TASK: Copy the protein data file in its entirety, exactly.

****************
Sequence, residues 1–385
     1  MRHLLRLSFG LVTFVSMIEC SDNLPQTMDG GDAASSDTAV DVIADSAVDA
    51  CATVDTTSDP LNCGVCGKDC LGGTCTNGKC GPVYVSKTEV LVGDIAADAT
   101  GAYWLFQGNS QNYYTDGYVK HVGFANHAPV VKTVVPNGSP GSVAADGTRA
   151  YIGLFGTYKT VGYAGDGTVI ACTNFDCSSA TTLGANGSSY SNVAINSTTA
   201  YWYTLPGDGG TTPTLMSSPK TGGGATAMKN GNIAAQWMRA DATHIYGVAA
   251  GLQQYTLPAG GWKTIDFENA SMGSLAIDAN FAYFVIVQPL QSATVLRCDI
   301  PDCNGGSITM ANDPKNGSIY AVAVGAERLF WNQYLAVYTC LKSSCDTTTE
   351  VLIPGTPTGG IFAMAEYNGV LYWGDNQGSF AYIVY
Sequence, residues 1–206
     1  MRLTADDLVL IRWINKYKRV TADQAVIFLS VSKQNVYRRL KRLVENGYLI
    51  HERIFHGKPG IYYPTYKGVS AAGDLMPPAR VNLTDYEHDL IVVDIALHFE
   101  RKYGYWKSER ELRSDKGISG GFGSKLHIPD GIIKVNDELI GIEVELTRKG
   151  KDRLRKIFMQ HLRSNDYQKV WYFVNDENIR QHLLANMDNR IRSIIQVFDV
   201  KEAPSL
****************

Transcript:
Sequence, residues 1–385
     1  MRHLLRLSFG LVTFVSMIEC SDNLPQTMDG GDAASSDTAV DVIADSAVDA
    51  CATVDTTSDP LNCGVCGKDC LGGTCTNGKC GPVYVSKTEV LVGDIAADAT
   101  GAYWLFQGNS QNYYTDGYVK HVGFANHAPV VKTVVPNGSP GSVAADGTRA
   151  YIGLFGTYKT VGYAGDGTVI ACTNFDCSSA TTLGANGSSY SNVAINSTTA
   201  YWYTLPGDGG TTPTLMSSPK TGGGATAMKN GNIAAQWMRA DATHIYGVAA
   251  GLQQYTLPAG GWKTIDFENA SMGSLAIDAN FAYFVIVQPL QSATVLRCDI
   301  PDCNGGSITM ANDPKNGSIY AVAVGAERLF WNQYLAVYTC LKSSCDTTTE
   351  VLIPGTPTGG IFAMAEYNGV LYWGDNQGSF AYIVY
Sequence, residues 1–206
     1  MRLTADDLVL IRWINKYKRV TADQAVIFLS VSKQNVYRRL KRLVENGYLI
    51  HERIFHGKPG IYYPTYKGVS AAGDLMPPAR VNLTDYEHDL IVVDIALHFE
   101  RKYGYWKSER ELRSDKGISG GFGSKLHIPD GIIKVNDELI GIEVELTRKG
   151  KDRLRKIFMQ HLRSNDYQKV WYFVNDENIR QHLLANMDNR IRSIIQVFDV
   201  KEAPSL